If this year’s Black Friday sales are any indication of a recovering economy, then the U.S. is on its way up. Statistics this year are skewed, however, due to extended shopping hours with record sales starting on Thanksgiving Day. The new five-day sales span stretching into Cyber Monday also provide a wider window of opportunity for both national retailers and small businesses to cash in on the evolving marketing strategies.
Sales trends for 2012
This year, retailers didn’t have to put all of their eggs in the Black Friday basket. With Thanksgiving Day opening hours, sales for Black Friday dropped slightly while sales from Thanksgiving seemed to indicate that shoppers are willing put aside the turkey for a good deal. Reports indicate that retail sales from Thanksgiving through Sunday were up nearly $7 billion — $52.4 billion in sales last year to $59.1 billion this year — according to the Los Angeles Times, with spending per shopper increasing by 6% to $423. Other statistics indicate:
- 30% of consumers were in stores by midnight on Thanksgiving
- 40% of shoppers were between the ages of 18 and 34
- Black Friday sales dropped 1.8%
- More Black Friday advertising
- Fewer deep discounts
With the shift in sales figures over the holiday comes an increased confidence that shoppers are more than willing to spend, reports Shan Li in a November 25, 2012, post to the Los Angeles Times, “Black Friday weekend sales hit record.”
According to James Rushing, an executive from A.T. Kearney, a consulting firm, “‘Retailers are feeling more confident about consumer sentiment,’ he said. ‘They were more focused on making a profit’ rather than just making the sale, which ‘has potential to lead to a stronger fourth quarter.’”
Opening for small businesses
In breaking the Black Friday deal mold and demonstrating that there is a demand for goods even on Thanksgiving Day, larger retailers have inadvertently created more opportunity for small businesses to take more marketing risks this year and carve out their own niche with “Small Business Saturday.” With Saturday traditionally being the slowest shopping day of the Thanksgiving weekend, small businesses are creating demand for what the larger stores don’t offer.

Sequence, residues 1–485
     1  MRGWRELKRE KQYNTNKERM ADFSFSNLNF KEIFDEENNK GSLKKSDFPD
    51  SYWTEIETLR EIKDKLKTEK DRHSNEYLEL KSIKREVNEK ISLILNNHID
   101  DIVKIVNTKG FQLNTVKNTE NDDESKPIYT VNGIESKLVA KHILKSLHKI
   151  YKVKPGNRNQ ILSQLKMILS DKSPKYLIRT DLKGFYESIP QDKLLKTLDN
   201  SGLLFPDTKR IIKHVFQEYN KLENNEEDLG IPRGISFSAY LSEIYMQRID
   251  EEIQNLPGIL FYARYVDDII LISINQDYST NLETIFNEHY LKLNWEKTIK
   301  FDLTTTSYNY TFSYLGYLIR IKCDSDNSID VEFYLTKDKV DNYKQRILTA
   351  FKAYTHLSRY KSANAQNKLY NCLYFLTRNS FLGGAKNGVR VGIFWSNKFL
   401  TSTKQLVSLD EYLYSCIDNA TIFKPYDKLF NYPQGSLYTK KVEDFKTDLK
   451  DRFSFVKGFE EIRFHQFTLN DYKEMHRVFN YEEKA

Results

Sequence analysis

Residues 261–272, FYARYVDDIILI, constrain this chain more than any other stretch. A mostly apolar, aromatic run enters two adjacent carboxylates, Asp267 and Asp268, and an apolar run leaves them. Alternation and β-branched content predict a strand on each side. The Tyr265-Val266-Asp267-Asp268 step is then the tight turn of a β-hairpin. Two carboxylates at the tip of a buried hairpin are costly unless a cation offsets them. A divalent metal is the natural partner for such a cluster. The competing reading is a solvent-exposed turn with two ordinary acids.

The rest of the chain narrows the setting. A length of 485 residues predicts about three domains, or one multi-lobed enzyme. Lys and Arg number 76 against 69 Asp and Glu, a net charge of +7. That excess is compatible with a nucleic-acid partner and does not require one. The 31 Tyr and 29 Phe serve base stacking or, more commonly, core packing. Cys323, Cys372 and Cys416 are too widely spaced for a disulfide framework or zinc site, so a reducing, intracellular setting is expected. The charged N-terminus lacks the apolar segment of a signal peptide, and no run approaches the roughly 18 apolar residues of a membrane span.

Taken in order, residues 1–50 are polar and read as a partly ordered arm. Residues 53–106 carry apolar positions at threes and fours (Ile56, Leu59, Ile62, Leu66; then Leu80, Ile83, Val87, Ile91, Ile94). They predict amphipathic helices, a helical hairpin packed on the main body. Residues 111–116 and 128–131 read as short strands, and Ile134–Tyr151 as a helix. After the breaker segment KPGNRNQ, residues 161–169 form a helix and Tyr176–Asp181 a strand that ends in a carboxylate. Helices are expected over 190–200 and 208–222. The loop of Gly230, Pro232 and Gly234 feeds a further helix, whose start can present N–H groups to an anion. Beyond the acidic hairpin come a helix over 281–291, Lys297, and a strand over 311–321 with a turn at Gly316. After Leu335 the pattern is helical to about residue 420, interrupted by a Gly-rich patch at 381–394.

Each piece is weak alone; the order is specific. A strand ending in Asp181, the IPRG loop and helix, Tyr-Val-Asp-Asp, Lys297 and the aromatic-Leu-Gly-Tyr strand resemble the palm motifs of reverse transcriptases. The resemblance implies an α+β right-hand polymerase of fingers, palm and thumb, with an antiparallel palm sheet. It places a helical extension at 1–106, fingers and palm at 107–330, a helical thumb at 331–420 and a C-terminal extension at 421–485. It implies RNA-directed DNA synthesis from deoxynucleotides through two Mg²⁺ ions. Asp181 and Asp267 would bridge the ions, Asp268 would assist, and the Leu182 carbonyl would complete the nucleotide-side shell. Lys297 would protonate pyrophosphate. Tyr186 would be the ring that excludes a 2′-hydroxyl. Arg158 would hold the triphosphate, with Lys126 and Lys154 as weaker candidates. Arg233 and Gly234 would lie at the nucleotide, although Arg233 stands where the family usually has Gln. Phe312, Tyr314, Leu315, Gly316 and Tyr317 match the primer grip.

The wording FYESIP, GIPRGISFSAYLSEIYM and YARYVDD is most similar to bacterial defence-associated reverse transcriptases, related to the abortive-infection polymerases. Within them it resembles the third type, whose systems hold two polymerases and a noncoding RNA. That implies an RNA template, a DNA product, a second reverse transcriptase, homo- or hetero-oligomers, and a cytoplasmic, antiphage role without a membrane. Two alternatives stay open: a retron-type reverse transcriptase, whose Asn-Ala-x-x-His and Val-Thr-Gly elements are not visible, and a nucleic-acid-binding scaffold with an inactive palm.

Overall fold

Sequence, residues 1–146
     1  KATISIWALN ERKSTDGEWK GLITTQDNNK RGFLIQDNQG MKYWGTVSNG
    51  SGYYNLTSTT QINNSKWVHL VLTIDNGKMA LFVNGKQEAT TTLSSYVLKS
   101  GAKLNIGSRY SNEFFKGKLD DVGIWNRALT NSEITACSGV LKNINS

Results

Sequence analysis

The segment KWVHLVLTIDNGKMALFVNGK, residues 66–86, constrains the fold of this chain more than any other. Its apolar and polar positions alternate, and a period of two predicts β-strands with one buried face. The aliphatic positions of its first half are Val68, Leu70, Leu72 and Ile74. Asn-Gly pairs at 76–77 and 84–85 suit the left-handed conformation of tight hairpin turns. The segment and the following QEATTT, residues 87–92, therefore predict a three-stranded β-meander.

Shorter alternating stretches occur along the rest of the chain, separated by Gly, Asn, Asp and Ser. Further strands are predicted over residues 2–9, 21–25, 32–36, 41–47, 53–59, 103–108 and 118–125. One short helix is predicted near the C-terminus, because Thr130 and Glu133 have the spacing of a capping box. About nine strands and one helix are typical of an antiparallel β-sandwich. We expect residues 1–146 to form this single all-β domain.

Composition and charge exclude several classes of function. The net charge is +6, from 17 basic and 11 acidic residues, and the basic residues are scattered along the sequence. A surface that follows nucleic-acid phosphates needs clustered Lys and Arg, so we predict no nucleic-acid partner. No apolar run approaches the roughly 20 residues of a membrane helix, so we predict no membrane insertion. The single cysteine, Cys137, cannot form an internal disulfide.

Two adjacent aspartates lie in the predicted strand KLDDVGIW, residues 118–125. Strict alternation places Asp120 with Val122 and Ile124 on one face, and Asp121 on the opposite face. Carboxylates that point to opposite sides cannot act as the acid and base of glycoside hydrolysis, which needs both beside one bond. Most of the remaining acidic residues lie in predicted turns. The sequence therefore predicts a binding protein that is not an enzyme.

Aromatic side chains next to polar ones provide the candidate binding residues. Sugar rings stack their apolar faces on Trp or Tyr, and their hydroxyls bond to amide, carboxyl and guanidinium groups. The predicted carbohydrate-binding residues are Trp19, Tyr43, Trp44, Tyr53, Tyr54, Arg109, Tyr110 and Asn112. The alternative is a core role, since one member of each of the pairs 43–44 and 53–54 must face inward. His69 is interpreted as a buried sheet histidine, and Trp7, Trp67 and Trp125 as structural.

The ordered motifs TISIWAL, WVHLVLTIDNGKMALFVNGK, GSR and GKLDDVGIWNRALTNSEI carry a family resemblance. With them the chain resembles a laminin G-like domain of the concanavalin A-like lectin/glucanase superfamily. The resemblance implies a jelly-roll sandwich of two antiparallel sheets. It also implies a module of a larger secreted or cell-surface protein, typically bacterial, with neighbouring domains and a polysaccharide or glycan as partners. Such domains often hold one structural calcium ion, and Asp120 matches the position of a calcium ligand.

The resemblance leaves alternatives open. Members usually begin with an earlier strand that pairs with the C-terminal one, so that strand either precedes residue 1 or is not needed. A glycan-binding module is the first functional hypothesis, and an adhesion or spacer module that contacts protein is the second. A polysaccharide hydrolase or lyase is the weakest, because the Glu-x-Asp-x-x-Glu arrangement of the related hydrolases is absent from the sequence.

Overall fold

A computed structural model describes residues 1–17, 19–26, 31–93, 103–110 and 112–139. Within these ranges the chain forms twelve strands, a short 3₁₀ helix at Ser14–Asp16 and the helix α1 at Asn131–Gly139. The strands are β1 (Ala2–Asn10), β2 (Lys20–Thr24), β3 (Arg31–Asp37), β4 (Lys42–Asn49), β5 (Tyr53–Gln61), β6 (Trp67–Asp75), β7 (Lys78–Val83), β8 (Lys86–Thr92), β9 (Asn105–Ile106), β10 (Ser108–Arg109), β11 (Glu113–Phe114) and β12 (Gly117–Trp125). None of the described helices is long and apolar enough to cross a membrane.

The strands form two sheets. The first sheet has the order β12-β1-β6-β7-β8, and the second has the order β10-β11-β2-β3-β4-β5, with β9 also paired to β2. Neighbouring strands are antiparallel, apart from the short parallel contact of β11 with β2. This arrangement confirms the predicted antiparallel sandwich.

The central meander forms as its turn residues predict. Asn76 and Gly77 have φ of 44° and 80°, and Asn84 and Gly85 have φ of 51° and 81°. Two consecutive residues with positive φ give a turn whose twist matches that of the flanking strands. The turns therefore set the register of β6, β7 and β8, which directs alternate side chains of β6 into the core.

Dan Danner, in a November 23, 2012, post to FoxNews.com, “After Black Friday and before Cyber Monday, don’t forget Small Business Saturday,” points out that there is a market and demand for goods outside of the Black Friday scheme. “It’s about hard-working men and women who built their businesses from the ground up; who have put everything into the stores, factories and firms that offer what the chains and e-commerce companies cannot — something different, something personal, whether that be handcrafted gifts and other truly unique products, to genuinely friendly service,” Danner writes.
Online price comparisons on the rise
While the early numbers are positive this year, unless you have a crystal ball, there’s no sure-fire way to predict sales through the end of the year. Past forecasts have been wrong.
In terms of sales, social media and smart phones have an even larger role in the price war game. A plethora of apps and websites such as GottaDeal.com and fatwallet.com offer price comparison tools for all of the hottest deals from the major retailers, which not only encourage the shoppers already in the stores, but those at home who want to skip the crowds but still get the deals. Plus, last-minute Twitter and Facebook posts also add bargains that keep shoppers shopping.
These new deals added to the shopper’s arsenal mean that consumers are more strategic than ever in their search for holiday gifts. In “Ready, set, shop; Websites, social media and smartphones have turned holiday shopping into a high tech affair,” a November 19, 2012, post to The Buffalo News, David Robinson reports just how influential these online tools have become.
“’It’s become much more sophisticated,’ said Julie Clark, the marketing manager at the Fashion Outlets of Niagara Falls.’” “‘It’s about planning out the strategy, planning out where you want to be and when you want to be there.’”
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